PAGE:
The Calusa People: A Lost Tribe of Florida that Early Explorers Wrote Home About
The Calusa (said to mean fierce people) are a Native American tribe that once inhabited the southwestern coast of Florida. The Calusa are said to have been a socially complex and politically powerful tribe, and most of southern Florida was controlled by them.
Additionally, it has been suggested that the population of this tribe may have reached 50000 people at one point of time. The men of the Calusa are recorded to have been powerfully built, and let their hair grow long. Additionally, they had (as their name suggests) a fierce, war-like reputation. When the Spanish explored the coast of Florida, they soon became the targets of the Calusa, and this tribe is said to have been the first one that the explorers wrote home about.
Early Calusa Days
The Calusa are said to have been the descendants of Palaeo-Indians who inhabited Southwest Florida about 12000 years ago. The ancestors of the Calusa are said to have survived by hunting prehistoric animals such as woolly mammoths and giant tortoises, and collecting fruits and other edible plants. At some point of time in their history, this tribe discovered that there was a wealth of fish in the waters, and began to exploit this resource.
Map of Calusa territory in Florida. (Public Domain)
It has been proposed that as fishing was a less time-consuming means of obtaining food than hunting and gathering, the Calusa were able to devote more time to other pursuits, such as the establishment of a system of government.
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When the Spanish arrived in Florida in the early 16th century, the Calusa were already in possession of a complex centralized government. At the top of the hierarchy was the chief, who had control over the life and death of his subjects, and was believed to have the ability to communicate with the spirits.
Calusa beliefs included a trinity of governing spirits. Rituals were believed to link the Calusa to their spirit world (Art by Merald Clark. Credit: Florida Museum of Natural History)
By interceding with these spirits, it was believed that the chief was ensuring that his people would be well-supplied by the land. Additionally, it has been pointed out that tribute was sent to this chief from other tribes in south Florida. Directly beneath the chief was the nobility. This class was supported by commoners, who provided them with food and other material goods. Slaves occupy the lowest level in Calusa society.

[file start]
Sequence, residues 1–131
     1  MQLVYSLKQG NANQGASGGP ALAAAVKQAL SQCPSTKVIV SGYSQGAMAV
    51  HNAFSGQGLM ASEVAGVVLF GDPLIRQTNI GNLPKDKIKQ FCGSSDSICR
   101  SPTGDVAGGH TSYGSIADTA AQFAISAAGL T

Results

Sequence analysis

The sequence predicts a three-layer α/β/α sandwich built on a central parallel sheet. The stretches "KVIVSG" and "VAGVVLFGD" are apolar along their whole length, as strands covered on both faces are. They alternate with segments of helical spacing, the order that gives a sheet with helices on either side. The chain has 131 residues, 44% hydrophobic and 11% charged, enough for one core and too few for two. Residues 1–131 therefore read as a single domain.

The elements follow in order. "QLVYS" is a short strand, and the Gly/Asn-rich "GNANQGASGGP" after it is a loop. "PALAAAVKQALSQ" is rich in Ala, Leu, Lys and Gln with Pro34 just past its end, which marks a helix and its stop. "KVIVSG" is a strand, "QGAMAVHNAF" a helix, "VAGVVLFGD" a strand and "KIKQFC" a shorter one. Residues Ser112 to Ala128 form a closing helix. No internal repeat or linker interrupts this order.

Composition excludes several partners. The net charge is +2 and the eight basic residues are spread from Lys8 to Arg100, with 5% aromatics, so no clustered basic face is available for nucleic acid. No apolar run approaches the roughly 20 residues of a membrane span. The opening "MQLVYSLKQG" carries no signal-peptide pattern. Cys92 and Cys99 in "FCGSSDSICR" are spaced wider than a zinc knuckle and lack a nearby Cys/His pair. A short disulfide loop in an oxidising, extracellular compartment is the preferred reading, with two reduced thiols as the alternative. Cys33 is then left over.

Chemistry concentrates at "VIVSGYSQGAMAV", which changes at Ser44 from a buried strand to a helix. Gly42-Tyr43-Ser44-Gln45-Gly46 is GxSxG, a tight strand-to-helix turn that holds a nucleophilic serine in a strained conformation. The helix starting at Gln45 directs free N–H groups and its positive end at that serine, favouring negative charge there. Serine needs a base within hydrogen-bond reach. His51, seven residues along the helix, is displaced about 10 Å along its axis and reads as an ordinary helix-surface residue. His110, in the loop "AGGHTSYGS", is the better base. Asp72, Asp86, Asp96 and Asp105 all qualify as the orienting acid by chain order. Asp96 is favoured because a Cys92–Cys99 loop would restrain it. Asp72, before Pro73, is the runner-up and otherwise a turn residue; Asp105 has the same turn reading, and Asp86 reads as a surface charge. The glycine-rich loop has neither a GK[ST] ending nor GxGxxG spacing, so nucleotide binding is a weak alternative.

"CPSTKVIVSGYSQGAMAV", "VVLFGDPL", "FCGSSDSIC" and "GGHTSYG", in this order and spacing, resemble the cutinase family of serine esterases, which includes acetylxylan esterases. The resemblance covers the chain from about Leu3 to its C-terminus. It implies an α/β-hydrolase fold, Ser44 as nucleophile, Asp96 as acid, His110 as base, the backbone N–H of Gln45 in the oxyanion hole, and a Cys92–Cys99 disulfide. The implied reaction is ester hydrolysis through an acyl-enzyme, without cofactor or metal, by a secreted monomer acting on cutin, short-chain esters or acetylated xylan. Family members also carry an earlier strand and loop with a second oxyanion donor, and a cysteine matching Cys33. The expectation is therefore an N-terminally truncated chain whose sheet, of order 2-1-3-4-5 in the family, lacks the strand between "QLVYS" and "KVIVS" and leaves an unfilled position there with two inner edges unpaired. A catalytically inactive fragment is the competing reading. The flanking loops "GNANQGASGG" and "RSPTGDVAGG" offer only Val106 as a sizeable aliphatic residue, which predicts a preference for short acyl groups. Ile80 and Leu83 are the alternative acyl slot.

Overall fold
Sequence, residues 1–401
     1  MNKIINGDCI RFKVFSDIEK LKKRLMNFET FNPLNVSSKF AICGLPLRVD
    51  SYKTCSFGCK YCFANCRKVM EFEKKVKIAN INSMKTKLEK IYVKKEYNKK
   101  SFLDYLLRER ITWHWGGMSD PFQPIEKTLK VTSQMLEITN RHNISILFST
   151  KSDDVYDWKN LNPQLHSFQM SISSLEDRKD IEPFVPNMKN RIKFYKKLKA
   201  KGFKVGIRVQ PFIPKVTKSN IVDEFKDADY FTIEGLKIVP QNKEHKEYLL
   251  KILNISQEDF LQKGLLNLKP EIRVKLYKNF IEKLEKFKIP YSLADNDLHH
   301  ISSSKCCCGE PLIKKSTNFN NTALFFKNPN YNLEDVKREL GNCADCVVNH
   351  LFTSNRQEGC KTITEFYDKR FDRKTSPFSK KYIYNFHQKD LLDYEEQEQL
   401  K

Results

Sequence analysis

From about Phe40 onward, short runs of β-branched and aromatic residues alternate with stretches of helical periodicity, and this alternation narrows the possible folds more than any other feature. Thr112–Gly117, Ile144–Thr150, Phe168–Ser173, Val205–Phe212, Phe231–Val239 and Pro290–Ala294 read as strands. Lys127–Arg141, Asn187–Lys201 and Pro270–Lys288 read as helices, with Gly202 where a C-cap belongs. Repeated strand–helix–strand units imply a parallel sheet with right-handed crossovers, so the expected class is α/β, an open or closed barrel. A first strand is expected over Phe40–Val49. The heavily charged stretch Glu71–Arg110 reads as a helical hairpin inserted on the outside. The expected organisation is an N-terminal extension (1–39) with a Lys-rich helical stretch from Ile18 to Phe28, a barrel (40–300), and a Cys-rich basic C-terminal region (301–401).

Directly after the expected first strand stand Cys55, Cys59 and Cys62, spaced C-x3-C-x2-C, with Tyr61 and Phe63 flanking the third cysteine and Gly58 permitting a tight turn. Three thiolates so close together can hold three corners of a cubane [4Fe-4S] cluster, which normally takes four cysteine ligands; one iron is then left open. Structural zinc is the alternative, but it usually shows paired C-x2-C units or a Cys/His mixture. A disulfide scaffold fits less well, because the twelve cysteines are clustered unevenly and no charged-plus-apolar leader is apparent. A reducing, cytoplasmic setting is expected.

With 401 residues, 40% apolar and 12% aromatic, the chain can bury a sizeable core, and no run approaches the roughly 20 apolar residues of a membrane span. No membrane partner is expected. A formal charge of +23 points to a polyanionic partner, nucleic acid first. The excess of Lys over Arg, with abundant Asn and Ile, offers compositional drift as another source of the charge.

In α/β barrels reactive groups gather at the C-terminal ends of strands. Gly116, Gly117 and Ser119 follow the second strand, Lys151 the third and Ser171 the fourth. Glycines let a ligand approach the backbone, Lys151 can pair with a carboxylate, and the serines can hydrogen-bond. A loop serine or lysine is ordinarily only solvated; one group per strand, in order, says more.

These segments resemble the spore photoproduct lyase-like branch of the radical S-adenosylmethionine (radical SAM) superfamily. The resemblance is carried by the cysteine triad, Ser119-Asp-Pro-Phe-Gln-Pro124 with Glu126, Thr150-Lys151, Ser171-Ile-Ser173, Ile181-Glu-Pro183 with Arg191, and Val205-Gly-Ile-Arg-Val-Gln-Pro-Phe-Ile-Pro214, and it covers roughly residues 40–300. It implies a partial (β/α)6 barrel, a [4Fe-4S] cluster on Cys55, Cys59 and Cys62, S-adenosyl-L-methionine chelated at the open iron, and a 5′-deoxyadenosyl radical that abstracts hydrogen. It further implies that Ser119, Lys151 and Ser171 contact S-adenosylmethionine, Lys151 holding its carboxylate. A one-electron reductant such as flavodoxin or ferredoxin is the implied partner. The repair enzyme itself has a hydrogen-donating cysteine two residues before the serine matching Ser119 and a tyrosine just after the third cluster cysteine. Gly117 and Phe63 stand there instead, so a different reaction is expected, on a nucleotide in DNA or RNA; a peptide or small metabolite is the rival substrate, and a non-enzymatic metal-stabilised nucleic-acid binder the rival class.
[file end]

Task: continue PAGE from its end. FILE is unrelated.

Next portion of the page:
One illustration of the sophistication of the Calusa can be found in eyewitness accounts of an event in 1566. It is recorded that in that year, the Calusa chief formed an alliance with the Spanish governor, Menéndez de Avilés.
Spanish admiral Pedro Menéndez de Avilés (1519-1574) by Francisco de Paula Martí (1762-1827) (Public Domain)
Certain ceremonies were performed to seal the alliance (and perhaps also as a display of the might of the Calusa), and was witnessed by over 4000 people. The chief is said to have entertained the governor in a building so large that it could hold 2000 people in it.
In addition, elaborate rituals with synchronized singing and processions of masked priests were also carried out on that occasion. It has also been stated that the Spanish were brought into a large temple, where they saw carved and painted wooden masks covering its walls.
A diorama of a Calusa chief in the Florida Museum of Natural History. (Public Domain)
Despite the social complexity and political might that the Calusa attained, they are said to have eventually went extinct around the end of the 18th century. One of the causes of this was the raids conducted by rival tribes from Georgia and South Carolina. Many Calusa are said to have been captured and sold as slaves. Furthermore, new diseases such as smallpox and measles were introduced into the area by European explorers. The Calusa, who had no immunity against such illnesses, were wiped out in large numbers.
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A Calusa alligator head carved out of wood, excavated at Key Marco in 1895, on display at the Florida Museum of Natural History. (Public Domain)
Although the Calusa came to an end, some remains of their achievements can still be seen today. The shell mounds are an example of these remains. Shells and clay were used by the Calusa to create the foundation of their cities. One example of a shell mound can be found at a site known as Mound Key at Estero Bay in Lee County. This site is believed to have been the capital of the Calusa, as well as its military stronghold and ceremonial center. Apart from that, shells are said to have been used by the Calusa to make all sorts of things, including tools, jewelry, utensils, and even spearheads for fishing and hunting. Hence, the Calusa are sometimes called the ‘Shell People / Indians’.
A reconstruction of a Calusa home and terraces, on display at the Florida Museum of Natural History. (Public Domain)
Featured image: Calusa people fishing. Photo source: Moving to Tampa
By Wu Mingren
Florida Center for Instructional Technology, College of Education, University of South Florida, 2002. The Calusa: "The Shell Indians". [Online]
Available at: http://fcit.usf.edu/florida/lessons/calusa/calusa1.htm
Florida Museum of Natural History, 2016. The Calusa Domain. [Online]
Available at: https://www.flmnh.ufl.edu/sflarch/research/calusa-domain/
floridahistory.org, 2016. Florida of the Indians. [Online]
Available at: http://floridahistory.org/indians.htm
Marquardt, W. H., 2014. The Calusa—People of the Estuary. [Online]
Available at: http://www.calusalandtrust.org/who_were_the_calusa/who_were_the_calusa.htm
Ripley, K., 2016. The Shell People. [Online]
Available at: http://www.funandsun.com/1tocf/inf/nativepeoples/calusa.html